Somalis flee famine for malnourished Yemen

Aden, a three-year-old Somali refugee with his father Abdille, recovers at the stabilisation centre at Hagadere refugee area. An estimated 3.7 million people in Somalia - around a third of the population - are on the brink of starvation and aid agencies are stretched in trying to cope with a daily influx of Somalis escaping not only drought but the al-Shabab extremists.

A sharp increase has been recorded in the numbers of desperate Somali refugees risking their lives in often overcrowded and unseaworthy boats to cross the treacherous Gulf of Aden to Yemen fleeing violence and famine back home.

They arrive in one of the hungriest countries, with the third highest rates of malnutrition in the world.

Read: Yemen's silent emergency

Already 3,700 Somali refugees have reached the coast of Yemen so far in August alone making it the highest monthly arrival rate this year, according to the UN agency for refugees, UNHCR.

The arrivals also mark an earlier than normal start to the traditional peak season for smugglers' boats to arrive from the coastal town of Bossaso in northern Somalia.

The refugees are crossing what aid agencies have termed “the world’s most dangerous refugee route”, fleeing “the unstable security situation, severe drought, high food prices and lack of job opportunities,” they tell UNHCR.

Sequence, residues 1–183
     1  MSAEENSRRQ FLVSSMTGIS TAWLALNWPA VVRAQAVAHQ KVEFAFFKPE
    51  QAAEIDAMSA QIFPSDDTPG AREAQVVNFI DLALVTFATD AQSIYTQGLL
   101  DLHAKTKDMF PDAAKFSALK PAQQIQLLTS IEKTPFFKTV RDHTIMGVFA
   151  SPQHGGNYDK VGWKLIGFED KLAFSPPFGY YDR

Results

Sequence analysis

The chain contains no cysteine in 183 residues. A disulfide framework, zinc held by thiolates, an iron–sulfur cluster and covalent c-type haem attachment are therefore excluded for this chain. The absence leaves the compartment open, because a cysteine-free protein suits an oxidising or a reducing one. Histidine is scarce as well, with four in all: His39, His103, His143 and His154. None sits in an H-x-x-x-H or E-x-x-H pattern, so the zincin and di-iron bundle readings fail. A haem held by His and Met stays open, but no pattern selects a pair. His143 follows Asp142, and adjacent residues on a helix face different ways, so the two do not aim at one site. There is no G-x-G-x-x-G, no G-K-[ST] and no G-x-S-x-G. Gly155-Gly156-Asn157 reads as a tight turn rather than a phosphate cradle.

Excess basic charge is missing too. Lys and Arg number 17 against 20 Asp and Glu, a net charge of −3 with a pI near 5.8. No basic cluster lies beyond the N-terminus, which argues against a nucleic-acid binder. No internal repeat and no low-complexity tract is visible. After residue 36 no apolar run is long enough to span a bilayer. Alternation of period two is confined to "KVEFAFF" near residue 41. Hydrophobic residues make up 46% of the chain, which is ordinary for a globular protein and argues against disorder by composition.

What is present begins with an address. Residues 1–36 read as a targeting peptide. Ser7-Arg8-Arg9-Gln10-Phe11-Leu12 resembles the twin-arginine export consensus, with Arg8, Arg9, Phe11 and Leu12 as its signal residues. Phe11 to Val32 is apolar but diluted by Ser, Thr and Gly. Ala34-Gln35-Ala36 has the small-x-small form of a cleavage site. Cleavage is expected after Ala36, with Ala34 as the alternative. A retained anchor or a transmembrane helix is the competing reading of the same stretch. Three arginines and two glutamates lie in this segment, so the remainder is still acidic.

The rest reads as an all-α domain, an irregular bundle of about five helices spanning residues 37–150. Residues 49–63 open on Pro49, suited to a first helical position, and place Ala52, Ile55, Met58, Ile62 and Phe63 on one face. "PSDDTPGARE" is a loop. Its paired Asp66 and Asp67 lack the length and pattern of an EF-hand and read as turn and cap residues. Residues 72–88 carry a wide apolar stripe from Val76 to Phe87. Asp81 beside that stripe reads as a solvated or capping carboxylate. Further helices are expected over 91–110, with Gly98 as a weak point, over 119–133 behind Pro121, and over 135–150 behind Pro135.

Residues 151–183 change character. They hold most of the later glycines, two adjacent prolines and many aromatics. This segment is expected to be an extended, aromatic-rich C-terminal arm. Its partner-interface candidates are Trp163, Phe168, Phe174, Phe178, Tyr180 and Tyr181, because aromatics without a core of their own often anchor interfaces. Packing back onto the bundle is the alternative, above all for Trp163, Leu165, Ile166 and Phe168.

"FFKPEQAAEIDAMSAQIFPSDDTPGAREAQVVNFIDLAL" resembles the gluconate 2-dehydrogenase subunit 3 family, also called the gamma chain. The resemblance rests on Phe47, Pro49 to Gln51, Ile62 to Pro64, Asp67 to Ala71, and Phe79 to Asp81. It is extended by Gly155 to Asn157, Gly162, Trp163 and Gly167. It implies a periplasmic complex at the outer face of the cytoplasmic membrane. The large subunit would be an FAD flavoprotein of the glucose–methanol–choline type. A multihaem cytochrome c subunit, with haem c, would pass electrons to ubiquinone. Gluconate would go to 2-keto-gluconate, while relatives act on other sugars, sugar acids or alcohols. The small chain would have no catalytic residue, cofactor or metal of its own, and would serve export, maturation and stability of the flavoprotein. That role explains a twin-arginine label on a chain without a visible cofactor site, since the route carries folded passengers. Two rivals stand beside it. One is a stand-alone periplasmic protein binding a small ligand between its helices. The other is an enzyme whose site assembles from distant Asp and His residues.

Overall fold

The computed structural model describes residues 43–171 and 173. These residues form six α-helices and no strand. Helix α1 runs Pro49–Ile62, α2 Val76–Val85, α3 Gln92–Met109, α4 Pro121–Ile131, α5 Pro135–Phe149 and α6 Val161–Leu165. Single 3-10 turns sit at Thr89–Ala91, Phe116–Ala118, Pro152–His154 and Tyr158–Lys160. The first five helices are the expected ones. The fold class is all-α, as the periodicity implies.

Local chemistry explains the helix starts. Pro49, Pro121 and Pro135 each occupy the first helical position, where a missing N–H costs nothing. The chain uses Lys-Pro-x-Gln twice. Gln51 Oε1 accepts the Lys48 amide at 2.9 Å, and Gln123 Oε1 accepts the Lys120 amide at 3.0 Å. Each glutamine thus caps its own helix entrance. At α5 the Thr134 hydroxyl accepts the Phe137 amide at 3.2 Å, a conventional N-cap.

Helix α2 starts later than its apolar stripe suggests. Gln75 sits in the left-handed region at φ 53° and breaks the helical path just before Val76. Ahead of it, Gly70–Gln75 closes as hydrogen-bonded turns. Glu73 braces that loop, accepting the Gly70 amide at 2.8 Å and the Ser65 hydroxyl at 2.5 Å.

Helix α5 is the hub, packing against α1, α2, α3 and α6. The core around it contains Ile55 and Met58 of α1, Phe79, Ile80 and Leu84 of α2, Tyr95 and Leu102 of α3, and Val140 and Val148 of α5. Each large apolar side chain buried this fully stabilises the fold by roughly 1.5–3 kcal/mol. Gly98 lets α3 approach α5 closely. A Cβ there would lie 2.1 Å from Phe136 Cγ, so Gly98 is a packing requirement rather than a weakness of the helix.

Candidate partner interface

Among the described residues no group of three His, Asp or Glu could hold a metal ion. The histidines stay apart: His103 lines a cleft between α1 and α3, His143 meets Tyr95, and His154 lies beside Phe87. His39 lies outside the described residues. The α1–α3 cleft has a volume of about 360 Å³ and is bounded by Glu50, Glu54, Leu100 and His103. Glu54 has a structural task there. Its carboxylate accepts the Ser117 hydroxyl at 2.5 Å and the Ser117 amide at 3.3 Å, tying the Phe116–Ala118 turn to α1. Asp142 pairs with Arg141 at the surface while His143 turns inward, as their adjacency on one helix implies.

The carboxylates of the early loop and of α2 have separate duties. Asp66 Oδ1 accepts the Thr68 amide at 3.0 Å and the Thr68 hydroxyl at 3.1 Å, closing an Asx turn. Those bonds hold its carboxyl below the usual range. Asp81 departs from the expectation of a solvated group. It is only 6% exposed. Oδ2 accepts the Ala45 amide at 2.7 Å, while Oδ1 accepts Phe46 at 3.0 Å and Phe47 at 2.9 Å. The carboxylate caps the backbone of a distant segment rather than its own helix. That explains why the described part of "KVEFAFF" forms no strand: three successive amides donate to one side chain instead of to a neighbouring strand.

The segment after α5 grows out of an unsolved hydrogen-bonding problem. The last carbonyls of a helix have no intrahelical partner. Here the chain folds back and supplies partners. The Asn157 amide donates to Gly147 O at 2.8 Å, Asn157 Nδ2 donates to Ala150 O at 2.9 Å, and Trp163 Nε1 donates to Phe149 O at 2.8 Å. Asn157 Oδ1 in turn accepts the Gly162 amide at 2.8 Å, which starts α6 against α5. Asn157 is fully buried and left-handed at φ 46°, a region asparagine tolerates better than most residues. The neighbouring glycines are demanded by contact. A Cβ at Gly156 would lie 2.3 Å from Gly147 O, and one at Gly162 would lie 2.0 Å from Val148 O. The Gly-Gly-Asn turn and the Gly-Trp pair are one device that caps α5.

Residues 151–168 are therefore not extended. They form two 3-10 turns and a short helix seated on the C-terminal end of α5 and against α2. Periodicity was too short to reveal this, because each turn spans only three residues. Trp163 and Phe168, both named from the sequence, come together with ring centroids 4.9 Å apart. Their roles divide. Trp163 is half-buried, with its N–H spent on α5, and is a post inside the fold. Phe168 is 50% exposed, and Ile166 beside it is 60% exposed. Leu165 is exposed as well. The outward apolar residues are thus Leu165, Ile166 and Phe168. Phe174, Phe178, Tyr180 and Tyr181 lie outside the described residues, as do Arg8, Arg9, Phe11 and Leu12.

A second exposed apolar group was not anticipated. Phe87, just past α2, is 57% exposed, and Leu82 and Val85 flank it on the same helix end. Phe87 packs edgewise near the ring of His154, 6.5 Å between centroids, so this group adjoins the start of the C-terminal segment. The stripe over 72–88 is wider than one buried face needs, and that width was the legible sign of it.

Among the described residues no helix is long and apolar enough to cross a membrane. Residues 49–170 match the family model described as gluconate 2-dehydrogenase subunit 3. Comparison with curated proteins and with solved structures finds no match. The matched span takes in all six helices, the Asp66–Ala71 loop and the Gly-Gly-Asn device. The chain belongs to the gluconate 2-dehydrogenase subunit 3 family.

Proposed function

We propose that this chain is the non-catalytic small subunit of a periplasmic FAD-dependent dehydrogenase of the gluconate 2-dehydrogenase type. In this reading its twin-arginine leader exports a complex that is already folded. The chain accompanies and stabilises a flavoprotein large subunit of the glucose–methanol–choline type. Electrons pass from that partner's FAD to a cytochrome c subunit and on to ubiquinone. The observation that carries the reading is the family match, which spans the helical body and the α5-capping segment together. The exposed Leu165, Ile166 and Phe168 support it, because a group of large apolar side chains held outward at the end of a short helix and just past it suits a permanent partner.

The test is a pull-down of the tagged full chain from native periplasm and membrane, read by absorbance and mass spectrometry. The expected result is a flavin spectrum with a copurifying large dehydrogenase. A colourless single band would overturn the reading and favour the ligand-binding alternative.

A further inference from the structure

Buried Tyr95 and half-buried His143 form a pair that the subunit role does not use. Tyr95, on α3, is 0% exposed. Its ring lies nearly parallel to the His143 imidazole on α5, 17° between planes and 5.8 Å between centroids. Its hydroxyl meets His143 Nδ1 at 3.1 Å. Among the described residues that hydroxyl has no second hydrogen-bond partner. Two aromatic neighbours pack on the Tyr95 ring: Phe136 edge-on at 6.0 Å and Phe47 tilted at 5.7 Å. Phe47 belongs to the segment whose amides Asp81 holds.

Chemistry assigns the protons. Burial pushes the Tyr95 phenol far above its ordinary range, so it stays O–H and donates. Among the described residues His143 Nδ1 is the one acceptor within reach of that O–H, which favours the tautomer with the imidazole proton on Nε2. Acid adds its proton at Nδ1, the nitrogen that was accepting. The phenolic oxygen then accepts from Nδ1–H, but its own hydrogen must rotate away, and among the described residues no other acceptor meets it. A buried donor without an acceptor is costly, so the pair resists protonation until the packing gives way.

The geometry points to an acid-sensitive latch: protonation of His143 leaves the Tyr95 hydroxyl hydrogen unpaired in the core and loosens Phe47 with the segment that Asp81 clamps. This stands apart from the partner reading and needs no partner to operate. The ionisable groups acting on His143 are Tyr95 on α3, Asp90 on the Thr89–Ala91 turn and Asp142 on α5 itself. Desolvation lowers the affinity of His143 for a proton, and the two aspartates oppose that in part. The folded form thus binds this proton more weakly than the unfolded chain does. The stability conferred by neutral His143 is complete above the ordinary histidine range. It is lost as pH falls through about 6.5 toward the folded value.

“It is testament to the refugees' desperation that they have chosen to flee to Yemen, which is itself affected by serious unrest,”  said UNHCR spokesperson Adrian Edwards on Friday. “They cross the Gulf of Aden on what are often unseaworthy and overcrowded boats. Many do not survive the dangerous crossing. On Monday, two Somalis drowned when their boat capsized.”

Read: Somali refugees flee one hell for another

Yemen, which has seen growing unrest since the beginning of the uprising in the beginning of 2011 and a worsening humanitarian situation, hosts the second-largest population of Somali refugees in the region, numbering nearly 192,000 people. Some 15,000 of these have arrived since January, according to the UNHCR.

Numbers of Somali refugees seeking humanitarian help have declined in neighboring Kenya, which houses nearly 498,000 Somali refugees, from 1,500 arrivals per day to 1,000-1,200 people per day.

A significant drop in internally displaced people inside Somalia has also been reported by UNHCR's Population Movement Tracking (PMT) partners who say that the number of displaced people arriving to Mogadishu, the country’s capital, fell from 28,000 in July to just over 5,000 this month. That is a drop from more than 1,000 arrivals per day last month to an estimated 200 in August.

The UNHCR believes that more Somalis are expected to arrive in Yemen in the coming months. “We believe many who fled their homes are already waiting in Bossaso for calmer seas before starting their journey,” Edwards said.

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